High Sugar Intake Changes Behavior and Triggers Mental Disorders
Mental health disorders have damaging effects on all aspects of the lives of children and adults affected. As scientists examine the causes of conditions such as attention deficit hyperactivity syndrome (ADHD) and bipolar disorder, a new triggering factor is emerging as a primary culprit. Researchers from the University of Colorado’s Anschutz Medical Campus have identified how high sugar intake can play a major role in these disorders. The researchers also noted that high sugar intake also seemed implicated in triggering aggressive behavior.
The research suggests that fructose (one of many types of type of simple sugars) increases the risk for the onset of various behavioral conditions. The emerging theory is that this component of sugar and especially high fructose corn syruptrick the body into sensing that it is starving. One of the physiological cascades that derive from this perceived starvation state is a potentially significant changing a person’s overall mental state.
High fructose levels impacts the energy production in cells, which then triggers a hyper-foraging mental context that is functionally identical to what occurs in during actual starvation. Body chemistry and genetic responses lead to a profound change in one’s mental state, with all priority channeled toward survival and procurement of calories.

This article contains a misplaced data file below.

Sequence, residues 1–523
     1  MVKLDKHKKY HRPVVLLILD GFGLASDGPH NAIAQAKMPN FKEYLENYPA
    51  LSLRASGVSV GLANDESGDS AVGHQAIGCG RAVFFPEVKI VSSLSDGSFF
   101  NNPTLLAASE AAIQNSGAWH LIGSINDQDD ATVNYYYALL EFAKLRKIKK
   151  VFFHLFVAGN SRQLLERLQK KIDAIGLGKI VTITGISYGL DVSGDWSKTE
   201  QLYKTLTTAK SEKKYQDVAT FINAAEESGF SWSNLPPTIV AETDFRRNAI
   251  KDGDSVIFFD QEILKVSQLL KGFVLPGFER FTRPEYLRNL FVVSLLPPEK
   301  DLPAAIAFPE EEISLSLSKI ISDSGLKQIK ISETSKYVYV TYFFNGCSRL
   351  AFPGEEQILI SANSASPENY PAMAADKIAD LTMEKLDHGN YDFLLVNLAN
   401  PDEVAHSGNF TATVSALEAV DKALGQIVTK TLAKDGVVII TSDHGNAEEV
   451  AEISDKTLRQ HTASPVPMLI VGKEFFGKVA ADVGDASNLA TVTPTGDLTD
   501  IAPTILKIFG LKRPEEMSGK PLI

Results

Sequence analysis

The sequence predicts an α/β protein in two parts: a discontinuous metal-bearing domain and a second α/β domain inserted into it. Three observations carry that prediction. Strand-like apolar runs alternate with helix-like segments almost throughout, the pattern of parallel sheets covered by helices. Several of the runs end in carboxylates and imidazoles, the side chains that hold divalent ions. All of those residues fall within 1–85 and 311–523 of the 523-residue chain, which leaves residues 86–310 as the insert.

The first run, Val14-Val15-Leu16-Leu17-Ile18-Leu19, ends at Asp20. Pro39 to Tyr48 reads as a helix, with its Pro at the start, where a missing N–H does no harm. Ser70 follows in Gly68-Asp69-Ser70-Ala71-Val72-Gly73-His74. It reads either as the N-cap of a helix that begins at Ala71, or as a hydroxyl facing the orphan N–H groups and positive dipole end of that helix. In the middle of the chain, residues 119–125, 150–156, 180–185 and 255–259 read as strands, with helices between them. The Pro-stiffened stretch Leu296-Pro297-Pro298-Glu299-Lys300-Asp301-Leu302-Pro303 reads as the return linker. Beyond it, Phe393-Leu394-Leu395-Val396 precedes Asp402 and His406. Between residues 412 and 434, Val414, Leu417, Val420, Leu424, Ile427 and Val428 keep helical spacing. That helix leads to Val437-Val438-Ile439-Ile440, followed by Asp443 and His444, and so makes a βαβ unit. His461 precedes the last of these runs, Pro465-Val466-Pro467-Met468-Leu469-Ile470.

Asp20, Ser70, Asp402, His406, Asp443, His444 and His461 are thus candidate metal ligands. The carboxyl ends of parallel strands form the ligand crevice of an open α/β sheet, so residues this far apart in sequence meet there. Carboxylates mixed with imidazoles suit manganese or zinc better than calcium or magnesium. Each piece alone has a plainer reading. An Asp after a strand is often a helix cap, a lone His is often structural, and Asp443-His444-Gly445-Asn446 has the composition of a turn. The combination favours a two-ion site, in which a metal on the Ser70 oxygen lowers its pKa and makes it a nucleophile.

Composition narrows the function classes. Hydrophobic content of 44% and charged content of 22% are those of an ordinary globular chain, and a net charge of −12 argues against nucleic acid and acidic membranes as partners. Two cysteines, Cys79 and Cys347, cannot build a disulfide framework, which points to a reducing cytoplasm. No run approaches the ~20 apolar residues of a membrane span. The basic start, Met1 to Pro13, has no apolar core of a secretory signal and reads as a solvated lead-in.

High Sugar Results in Increased Impulsivity
The scientists from at the Anschutz Medical Campus suggest that the foraging response causes humans to act impulsively. This survival instinct also triggers more risk taking, rapid decision making, and aggressiveness. Genetically, this response has helped our ancestors secure food throughout history. In the modern world however, researchers say the explosion of sugary foods and drinks may be keeping this emergency reflex active without benefit. Indeed, sugar triggering a hyper-foraging mode acts strongly to our deficit, affecting mood, decision making, and potentially triggering mental illness.
Omega-3 Fats Help Preserve Healthy Mental Function
The role of omega-3 polyunsaturated fatty acids in physical health is well established, and their role in mental health is becoming increasingly understood. Omega-3 fatty acids are involved in a wide range of chemical functions that are related to nerve formation, neuro-signaling, and neuroinflammation; accordingly, omega-3s play fundamental roles in the development, functioning, and aging of the brain.
In humans, dietary deficiencies of omega-3 fatty acids are associated with an increased risk of developing various psychiatric disorders, including depression, bipolar disorder, schizophrenia, dementia, attention-deficit/hyperactivity disorder, and autism.Omega-3 fatty acids, especially those found in seafood (EPA, DPA, DHA) are linked to the maintenance of mental health, and inadequate dietary intake has been implicated in the cascade that leads of mental disorders.